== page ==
Controversy erupts over Cherokee inaugural contribution

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WASHINGTON – After learning the Cherokee Nation donated $50,000 to President Barack Obama’s inauguration committee, several council members decided not to attend the historic event.

Some made the decision after the publication of a recent Tulsa World article, which noted the tribe’s business operations donated the maximum amount allowed under federal rules to the committee. The report indicated the councilors had signed off on the expenditure, which was what the tribe’s communications office had told the paper – but it turns out that was not true.

The report caught most members off guard, since they had not approved, nor been told, that such a large donation would be made. In ensuing days, it was revealed that former Cherokee Nation Businesses CEO Brad Carson made the contribution, with authorization from the principle chief of the tribe, Chad Smith. A recommendation for the donation came from the tribe’s Washington office.

Mike Miller, a spokesman for the tribe, told Indian Country Today that no wrongdoing was committed in this situation. He said all rules were followed, and the donation had been made from a fund designed for such purposes.

Still, Miller said decisions could have been made differently – perhaps in a way that would have less aggravated some councilors.

“Within our internal processes, we always want to communicate well with the council. In this case, we did not have as good of internal communication as we would have liked.”

Despite the miscommunications, Smith has defended the donation decision. Jan. 12, he explained his rationale to the council via videotape, while traveling.

“Years ago, we decided to have a presence in Washington. As a result, we established a D.C. office. Under the new administration, we have a new opportunity to set policy. We can’t do that if we don’t have a seat at the table.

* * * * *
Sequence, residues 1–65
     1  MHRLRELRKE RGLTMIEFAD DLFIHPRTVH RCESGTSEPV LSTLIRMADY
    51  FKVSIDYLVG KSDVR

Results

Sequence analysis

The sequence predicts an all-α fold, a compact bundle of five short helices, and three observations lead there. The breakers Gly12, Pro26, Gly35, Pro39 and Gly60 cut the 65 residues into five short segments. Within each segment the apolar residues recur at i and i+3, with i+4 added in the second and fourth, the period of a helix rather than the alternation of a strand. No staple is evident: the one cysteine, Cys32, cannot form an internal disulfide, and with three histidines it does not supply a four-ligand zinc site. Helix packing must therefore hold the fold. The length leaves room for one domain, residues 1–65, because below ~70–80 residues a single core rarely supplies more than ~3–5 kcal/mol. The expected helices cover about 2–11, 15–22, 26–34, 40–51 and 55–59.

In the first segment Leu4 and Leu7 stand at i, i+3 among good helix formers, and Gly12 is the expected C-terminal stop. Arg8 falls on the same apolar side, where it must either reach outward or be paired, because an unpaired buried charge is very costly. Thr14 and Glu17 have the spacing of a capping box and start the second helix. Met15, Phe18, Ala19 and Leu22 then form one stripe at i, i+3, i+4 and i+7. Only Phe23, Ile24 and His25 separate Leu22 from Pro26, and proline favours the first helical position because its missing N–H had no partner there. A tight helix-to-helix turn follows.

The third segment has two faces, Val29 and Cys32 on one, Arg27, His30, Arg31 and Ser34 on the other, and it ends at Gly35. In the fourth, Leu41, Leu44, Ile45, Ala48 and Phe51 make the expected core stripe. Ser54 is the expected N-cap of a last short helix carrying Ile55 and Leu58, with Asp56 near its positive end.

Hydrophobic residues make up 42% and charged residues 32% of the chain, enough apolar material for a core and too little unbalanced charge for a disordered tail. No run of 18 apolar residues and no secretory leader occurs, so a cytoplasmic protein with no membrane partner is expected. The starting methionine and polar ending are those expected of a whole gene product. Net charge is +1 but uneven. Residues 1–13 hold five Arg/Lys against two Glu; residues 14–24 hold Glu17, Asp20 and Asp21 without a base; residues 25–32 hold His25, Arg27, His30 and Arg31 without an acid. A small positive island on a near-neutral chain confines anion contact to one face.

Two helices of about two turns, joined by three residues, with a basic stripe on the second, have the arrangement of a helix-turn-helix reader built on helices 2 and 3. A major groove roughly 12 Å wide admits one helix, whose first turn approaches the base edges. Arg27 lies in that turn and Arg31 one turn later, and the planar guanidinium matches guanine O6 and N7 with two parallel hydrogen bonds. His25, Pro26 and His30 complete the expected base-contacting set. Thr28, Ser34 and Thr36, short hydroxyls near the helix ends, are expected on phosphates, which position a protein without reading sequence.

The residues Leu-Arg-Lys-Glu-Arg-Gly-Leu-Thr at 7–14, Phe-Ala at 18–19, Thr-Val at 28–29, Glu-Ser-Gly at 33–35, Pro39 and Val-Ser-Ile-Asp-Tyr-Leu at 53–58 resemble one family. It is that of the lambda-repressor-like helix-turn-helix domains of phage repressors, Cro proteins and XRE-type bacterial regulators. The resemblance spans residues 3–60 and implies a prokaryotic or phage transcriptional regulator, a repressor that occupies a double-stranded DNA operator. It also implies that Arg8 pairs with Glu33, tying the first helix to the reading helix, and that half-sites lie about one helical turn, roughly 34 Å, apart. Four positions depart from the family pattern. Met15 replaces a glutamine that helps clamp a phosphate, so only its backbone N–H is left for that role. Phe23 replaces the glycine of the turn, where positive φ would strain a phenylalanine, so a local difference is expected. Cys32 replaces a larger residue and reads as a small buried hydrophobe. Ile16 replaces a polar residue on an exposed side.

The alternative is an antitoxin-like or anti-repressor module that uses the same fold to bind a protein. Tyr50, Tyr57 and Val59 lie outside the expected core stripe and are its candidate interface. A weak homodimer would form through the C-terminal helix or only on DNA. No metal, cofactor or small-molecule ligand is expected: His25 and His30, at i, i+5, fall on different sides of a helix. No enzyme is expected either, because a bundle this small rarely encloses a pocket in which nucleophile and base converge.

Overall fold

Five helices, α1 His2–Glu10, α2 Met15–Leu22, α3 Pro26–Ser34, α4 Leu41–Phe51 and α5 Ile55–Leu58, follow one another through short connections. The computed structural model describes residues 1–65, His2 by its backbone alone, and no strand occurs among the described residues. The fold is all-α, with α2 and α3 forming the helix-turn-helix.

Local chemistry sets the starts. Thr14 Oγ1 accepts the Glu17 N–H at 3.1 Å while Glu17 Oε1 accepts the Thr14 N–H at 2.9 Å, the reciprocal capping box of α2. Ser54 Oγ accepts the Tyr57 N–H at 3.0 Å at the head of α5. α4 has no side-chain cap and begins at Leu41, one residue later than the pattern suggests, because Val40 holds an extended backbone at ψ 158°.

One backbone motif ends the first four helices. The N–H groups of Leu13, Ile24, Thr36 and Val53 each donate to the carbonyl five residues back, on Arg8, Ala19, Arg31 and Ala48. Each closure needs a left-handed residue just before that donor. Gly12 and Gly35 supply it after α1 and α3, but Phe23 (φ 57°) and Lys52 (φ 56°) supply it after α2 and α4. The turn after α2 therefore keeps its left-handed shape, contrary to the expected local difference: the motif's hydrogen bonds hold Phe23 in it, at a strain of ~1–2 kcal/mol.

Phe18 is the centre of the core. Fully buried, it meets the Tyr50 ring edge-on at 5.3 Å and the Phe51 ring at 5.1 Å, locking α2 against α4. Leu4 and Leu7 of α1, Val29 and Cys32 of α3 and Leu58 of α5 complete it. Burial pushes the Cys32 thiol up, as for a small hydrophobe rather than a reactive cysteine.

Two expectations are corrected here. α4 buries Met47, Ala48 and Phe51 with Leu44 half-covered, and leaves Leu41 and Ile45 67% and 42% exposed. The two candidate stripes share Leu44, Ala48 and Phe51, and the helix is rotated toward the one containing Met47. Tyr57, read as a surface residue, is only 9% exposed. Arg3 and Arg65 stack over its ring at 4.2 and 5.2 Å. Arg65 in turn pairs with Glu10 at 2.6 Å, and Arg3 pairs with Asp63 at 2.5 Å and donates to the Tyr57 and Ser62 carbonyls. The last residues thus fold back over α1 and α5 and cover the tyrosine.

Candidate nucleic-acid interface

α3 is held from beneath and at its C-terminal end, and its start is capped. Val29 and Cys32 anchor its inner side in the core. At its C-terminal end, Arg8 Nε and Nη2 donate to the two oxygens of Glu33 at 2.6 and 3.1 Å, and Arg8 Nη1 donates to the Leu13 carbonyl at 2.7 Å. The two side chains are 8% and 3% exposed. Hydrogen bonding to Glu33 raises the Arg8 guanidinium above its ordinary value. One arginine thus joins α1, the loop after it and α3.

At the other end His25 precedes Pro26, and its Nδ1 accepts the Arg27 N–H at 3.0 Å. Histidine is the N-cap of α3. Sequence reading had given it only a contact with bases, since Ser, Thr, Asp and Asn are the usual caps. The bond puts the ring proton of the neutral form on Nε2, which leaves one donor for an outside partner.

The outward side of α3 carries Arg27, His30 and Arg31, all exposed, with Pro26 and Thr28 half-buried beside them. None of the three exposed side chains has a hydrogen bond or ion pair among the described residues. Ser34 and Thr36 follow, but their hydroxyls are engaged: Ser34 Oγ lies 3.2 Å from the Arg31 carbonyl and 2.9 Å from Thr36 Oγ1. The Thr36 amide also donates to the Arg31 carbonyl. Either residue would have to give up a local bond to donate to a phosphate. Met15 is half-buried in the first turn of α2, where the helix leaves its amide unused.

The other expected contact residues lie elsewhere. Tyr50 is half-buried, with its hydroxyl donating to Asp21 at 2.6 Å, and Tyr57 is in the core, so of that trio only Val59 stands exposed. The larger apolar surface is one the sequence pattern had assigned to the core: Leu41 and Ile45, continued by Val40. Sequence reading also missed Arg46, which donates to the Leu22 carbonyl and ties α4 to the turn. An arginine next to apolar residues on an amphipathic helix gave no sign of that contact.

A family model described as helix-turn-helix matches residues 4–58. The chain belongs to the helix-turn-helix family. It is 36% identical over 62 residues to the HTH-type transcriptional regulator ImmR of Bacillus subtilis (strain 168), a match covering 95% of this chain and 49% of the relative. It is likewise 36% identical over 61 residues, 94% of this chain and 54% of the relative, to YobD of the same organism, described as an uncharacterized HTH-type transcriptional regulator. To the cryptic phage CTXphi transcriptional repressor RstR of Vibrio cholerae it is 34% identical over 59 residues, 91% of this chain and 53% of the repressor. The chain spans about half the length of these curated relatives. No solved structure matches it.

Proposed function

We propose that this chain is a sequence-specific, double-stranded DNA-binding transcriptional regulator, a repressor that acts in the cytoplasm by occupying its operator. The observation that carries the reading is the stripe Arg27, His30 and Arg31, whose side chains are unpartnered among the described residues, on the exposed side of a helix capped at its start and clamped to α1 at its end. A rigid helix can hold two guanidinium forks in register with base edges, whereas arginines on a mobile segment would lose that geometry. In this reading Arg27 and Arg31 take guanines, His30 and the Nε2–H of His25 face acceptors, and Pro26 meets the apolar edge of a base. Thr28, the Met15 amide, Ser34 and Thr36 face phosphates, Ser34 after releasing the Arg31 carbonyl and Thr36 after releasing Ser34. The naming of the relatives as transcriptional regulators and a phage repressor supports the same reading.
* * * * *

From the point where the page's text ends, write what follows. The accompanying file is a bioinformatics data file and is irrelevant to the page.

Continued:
“[The donation] would have been made regardless of the outcome of the election,” he said. “It’s considered a sponsorship, much like PR or advertising.”

Overall, tribal donations to the inaugural committee have been rare. Only two other tribes, the San Manuel Band of Mission Indians, which donated $15,000 and the Agua Caliente Band of Cahuilla Indians, which donated $50,000, are known to have made substantial inaugural contributions.

Cherokee Nation Councilman Bill John Baker, one of the tribe’s leaders who will not be attending the inauguration, said he wished the council had been made aware of the decision.

“The contentious part of this for me is that I wasn’t given the opportunity to support it. We have a process, and I truly believe this should have come before the council.”

Baker explained that a PAC Committee was set up a few years ago after a similar situation occurred with a branch of the tribe’s businesses making donations. Since then, most political donations have gone through the committee, which consists of tribal council members.

In addition to his concerns about how the donation was made, Baker said it would be more sensible for councilors to wait to make the trek to Washington until after Obama seats more key Indian country officials.

He said the council could save money by traveling to meet with new administration leaders when the costs of hotel rooms are not so high, as has been the case during the inauguration season. Some room prices run in the multi-thousand dollar range.